The Netherlands: Actively composting coffin developed

Palinurus

The Living Force
Source: A growing business: Dutch develop 'living' coffin made of mushroom mycelium - DutchNews.nl

A growing business: Dutch develop ‘living’ coffin made of mushroom mycelium

September 14, 2020

Dutch designers are claiming a world first with a funeral in which the deceased person was buried in a moss-filled coffin made of mycelium: the underground fungal network of mushrooms.

The Living Cocoon was developed by Bob Hendrikx, together with researchers from Delft University of Technology and the Naturalis natural history museum, and has already been incorporated into the coffin collections offered by two Dutch funeral companies.

‘The Living Cocoon enables people to become one with nature again and to enrich the soil, instead of polluting it,’ says Hendrikx. ‘‘After months of development, it was a really impressive moment to be finally able to mark someone’s passing in this extraordinary way.’

The speed at which a body composts depends on various conditions but it can take over a decade. The varnished and metal parts of a coffin, as well as synthetic clothing, can persist for even longer.

Hendrikx expects that the mycelium coffin will be able to complete this entire process in two to three years, because it actively contributes to the composting process. Not only are the waste products from the human body converted into nutrients but the quality of the surrounding soil is also improved, giving it new life and an opportunity to thrive.

Production

The production process takes several weeks and the mycelium is grown in the shape of a coffin and then dried naturally, pausing its growth. Once it has been exposed to ground water for some time, the mycelium starts to live again, starting the composting process.

The coffins themselves are lightweight but can carry up to 200 kilos in weight. The first 10 have now been ‘grown’, and the company hopes to be able to expand abroad in the near future.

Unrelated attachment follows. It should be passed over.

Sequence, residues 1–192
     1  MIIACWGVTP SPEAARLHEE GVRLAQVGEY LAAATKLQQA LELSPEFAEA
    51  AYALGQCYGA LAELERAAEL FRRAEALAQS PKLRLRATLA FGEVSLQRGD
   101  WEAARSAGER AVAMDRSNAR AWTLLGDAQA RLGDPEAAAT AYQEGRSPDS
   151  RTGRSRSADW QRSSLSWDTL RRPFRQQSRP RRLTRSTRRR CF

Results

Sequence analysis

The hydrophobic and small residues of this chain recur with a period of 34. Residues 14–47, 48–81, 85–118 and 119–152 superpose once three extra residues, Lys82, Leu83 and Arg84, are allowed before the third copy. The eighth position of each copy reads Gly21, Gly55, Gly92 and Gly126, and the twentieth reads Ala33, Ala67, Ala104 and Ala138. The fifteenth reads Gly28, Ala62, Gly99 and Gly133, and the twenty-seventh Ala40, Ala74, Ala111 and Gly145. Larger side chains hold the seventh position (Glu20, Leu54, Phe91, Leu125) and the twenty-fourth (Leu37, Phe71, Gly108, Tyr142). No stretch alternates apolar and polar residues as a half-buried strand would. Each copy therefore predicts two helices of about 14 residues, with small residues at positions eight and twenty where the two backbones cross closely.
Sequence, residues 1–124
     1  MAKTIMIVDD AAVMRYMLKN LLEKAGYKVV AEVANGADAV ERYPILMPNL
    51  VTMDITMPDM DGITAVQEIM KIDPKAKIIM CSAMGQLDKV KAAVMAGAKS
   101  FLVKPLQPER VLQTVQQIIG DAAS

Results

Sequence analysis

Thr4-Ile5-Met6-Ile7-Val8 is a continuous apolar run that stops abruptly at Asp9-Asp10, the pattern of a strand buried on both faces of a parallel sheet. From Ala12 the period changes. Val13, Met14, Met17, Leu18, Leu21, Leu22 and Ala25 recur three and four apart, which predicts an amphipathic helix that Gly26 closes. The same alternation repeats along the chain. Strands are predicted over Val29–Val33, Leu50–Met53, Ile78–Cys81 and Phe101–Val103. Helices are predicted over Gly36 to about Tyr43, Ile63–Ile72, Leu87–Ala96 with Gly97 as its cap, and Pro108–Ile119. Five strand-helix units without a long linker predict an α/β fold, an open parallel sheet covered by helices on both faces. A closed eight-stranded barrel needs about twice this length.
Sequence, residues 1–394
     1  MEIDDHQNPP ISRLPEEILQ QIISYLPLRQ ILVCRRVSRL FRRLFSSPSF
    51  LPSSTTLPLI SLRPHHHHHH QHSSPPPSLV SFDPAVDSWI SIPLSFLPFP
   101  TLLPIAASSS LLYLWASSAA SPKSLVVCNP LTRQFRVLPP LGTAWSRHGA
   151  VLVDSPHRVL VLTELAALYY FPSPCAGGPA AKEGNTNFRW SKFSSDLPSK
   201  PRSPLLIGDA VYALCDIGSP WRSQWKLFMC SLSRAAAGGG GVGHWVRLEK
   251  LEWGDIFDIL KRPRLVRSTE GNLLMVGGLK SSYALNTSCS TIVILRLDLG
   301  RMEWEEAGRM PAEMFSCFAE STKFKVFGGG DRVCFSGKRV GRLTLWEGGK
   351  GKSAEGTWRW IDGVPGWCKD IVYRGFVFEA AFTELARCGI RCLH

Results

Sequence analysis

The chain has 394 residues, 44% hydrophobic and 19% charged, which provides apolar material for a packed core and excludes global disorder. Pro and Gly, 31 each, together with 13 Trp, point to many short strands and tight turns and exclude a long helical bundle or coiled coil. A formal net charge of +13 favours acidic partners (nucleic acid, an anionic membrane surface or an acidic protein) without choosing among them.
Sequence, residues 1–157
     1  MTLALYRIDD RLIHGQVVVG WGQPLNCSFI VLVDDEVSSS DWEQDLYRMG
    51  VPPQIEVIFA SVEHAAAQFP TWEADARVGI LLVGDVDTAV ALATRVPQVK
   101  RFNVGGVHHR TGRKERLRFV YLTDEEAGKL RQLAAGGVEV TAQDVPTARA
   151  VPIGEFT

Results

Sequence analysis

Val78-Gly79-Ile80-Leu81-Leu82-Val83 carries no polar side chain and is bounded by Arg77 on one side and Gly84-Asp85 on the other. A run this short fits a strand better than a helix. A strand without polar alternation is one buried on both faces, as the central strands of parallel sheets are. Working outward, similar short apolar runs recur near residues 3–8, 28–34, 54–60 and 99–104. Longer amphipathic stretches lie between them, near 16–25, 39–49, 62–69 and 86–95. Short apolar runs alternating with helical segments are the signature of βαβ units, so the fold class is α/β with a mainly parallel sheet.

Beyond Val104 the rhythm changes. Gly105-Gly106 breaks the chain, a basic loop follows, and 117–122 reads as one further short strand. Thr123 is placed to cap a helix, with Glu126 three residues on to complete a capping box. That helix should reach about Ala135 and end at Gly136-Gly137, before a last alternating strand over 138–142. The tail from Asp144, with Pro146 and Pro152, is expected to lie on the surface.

Suit

While the Dutch coffin may be a first, in 2015, Californian designer Jae Rhim Lee developed a suit embedded with mushroom spores to speed up decomposition and neutralize toxins the human body releases.

Actor Luke Perry was reportedly buried in a ‘mushroom death suit’ when he died after a heart attack last year.


Similar coverage: Netherlands' first burial in a living coffin

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Photo: Loop of Life

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Loop of Life living coffin - Image: Loop of Life/Loop of Life
 

Mariama

Ambassador
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FOTCM Member
I could be wrong, but the above comes across as part and parcel of the Green Deal, just like all these 'solar parks' they have been setting up lately.:umm:
 

Palinurus

The Living Force
UPDATE: "Living coffin" the latest trend as more people want sustainable burial

Sunday, September 12, 2021 - 11:30

"Living coffin" the latest trend as more people want sustainable burial


One year ago, researchers at the Delft University of Technology (TU Delft) first developed a ‘living coffin’ that helps convert human remains to nutrients. Since then, nearly 100 people have chosen to be buried in the so-called Living Cocoon, NU.nl reported (in Dutch).

“I think it gives people a good feeling to still do something good for the earth, instead of leaving behind a scar”, designer Bob Hendrikx told NU.nl.

Conventional coffins can release substances that contaminate the earth around them over time. The Living Cocoon, on the other hand, is meant to enrich the soil around it, instead of polluting it.

The sustainable coffin created by TU Delft in collaboration with Naturalis is made of the living organism mycelium, a network of several fungi. The fungi look for waste material in their surroundings to convert them into nutrients for the environment. Thus, the Living Coffin contributes to the biodiversity in the soil around it and helps plants grow.

“The coffin is broken down within 45 days and thinks toxins in the ground are really tasty”, Hendrikx said.

The developers have now been working on increased their production capacity to accommodate the large demand for the sustainable coffin. “We have a lack of space in the Netherlands. How nice would it be if you could transform polluted areas into a place where people are converted into forests”, Hendrikx wondered.

Currently, the price of the living coffin lies above the cost of a conventional coffin at 1,495 euros a piece. Once the production process has been automated, Hendrikx hoped that the coffin will become more affordable.
 
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